Thursday, June 21, 2007

Off the table. In the pocket.

I've been thinking lately about the use of the term "off/on the table" when discussing the use of military force against Iran. There are those who argue that it is a position of weakness to take the military option "off the table" and that keeping it "on the table" just adds necessary pressure on the Iranian regime to make concessions on its nuclear development. On the other side there are those who argue that keeping the military option on the table, aside from being impractical (do we really have much in the way of viable military options in Iran?), it is also beligerant. It tells Iran that we aren't really serious about negotiations and are really more interested in just bullying others into doing what we want.

I've come to the conclusion that there is a fundamental miscommunication between the "leave our options open" side and the "don't act beligerant" side. The problem is in the very metaphor itself. When you say that something is "off the table", what do you really mean? Do you mean that the option will NEVER be exercised (or, as critics like to say, that you are going into negotiations with one arm tied behind your back)? Or does it mean that you don't want to put the option in play at this time because doing so would needlessly aggravate negotiations.

Think of it this way, just because something is off the table doesn't mean it isn't in your pocket.

During the Cold War, American and the Soviets had thousands of missiles targeted on each others cities. The missiles were "on the table". After the Cold War ended both America and Russia agreed to de-target their missiles. Did this mean they were agreeing never to use them? No, they were just taking them off the table and "putting them in their pocket". The missiles could, with very little effort, be re-targeted if need be (indeed, Putin hinted at this during the recent dust-up over a missile shield in eastern Europe.)

It is a mistake to interpret "off the table" as equivalent to a pacifist position. That so many seem to interpret it as such is perhaps an indication that it is a flawed metaphor that should be retired.

BTW, the discussion of presidential impeachment is also hampered by misunderstandings over this metaphor. Nancy Pelosi assumed the speakership saying that impeachment was "off the table" for this session of Congress. Some interpreted that to mean that she would actively oppose any effort to pursue impeachment, even if it were overwhelmingly shown to be the proper course of action. But if "off the table" meant "in the pocket" for Pelosi, then she was simply saying that the Democrats wouldn't use impeachment as a negotiation chip in discussions with the White House but that the option would always be available if it was needed. I argued at the time (and still do) that a better metaphor would have been to say that impeachment was "not on the agenda". This would reassure people that the Democrats weren't interested in a tit-for-tat witch hunt that would derail all other legislative efforts but leave it clear that impeachment would always remain an option.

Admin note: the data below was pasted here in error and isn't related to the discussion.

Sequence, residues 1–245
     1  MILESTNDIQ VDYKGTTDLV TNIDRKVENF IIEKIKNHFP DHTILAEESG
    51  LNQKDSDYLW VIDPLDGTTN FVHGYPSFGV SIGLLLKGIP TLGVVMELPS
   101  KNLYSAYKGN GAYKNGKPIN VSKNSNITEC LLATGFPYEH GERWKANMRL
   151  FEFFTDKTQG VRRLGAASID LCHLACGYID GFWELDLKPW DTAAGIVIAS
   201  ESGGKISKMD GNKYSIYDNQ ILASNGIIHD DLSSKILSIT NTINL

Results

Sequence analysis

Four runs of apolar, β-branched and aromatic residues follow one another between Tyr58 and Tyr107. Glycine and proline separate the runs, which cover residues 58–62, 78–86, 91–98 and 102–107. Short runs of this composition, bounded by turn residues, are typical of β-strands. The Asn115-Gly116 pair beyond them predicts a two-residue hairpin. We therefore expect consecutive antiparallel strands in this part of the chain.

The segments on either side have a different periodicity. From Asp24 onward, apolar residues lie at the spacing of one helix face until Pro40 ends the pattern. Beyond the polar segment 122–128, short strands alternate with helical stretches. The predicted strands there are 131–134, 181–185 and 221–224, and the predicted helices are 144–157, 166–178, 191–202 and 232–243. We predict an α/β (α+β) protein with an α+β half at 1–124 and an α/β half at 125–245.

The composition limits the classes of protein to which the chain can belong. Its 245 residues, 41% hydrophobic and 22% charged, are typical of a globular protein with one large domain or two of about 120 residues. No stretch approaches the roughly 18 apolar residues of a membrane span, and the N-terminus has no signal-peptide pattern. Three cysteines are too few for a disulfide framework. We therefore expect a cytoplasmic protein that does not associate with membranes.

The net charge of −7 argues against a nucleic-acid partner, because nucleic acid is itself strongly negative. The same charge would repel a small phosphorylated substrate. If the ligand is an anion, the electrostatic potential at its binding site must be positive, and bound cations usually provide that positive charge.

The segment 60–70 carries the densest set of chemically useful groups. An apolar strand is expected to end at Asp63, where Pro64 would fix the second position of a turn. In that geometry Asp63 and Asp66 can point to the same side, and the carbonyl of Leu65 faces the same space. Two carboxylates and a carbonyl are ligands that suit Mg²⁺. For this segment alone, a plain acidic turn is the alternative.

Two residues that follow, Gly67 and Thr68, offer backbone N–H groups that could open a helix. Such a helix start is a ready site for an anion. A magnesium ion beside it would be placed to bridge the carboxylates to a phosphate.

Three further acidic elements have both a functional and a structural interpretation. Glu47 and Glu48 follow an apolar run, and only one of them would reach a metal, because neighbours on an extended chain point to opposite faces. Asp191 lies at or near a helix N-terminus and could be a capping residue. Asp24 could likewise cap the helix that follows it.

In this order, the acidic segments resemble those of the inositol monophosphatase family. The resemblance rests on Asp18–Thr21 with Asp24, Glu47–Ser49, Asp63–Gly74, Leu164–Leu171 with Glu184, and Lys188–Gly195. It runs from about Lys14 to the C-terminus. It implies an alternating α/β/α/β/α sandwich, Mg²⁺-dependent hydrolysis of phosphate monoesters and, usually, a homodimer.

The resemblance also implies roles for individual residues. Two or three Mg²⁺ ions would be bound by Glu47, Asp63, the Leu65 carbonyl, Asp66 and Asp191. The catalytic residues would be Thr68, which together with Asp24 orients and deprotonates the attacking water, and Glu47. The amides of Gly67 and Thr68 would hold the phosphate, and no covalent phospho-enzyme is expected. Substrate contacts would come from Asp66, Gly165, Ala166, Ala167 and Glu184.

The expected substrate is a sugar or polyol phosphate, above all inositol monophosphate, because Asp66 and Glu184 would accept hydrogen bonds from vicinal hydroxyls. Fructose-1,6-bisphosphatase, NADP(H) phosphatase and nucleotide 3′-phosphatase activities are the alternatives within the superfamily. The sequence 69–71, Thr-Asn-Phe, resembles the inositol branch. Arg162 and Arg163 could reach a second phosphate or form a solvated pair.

(This train of thought was inspired by this post from Ezra).

Oh, one more point on metaphors. This topic reminds me of a lesson I learned early in the experience of raising our children: never make a threat that you aren't willing to follow through on and always follow through on your threats. The "on the table" metaphor, unfortunately, sounds to much like a threat and not the "just keeping the option in reserve" that some people seem to think it is. In other words, if you put something "on the table" it means that you are seriously considering using it.

This is especially true with this administration that has a demonstrated record of using whatever weapons it puts "on the table" early in the negotiations. So a Bush administration putting the military option "on the table", in light of experience, sounds like a near 100% certainty that they will eventually use it. Bush has changed the way the game is played and its about time our more serious pundits realized this.

The rest of the world certainly has.


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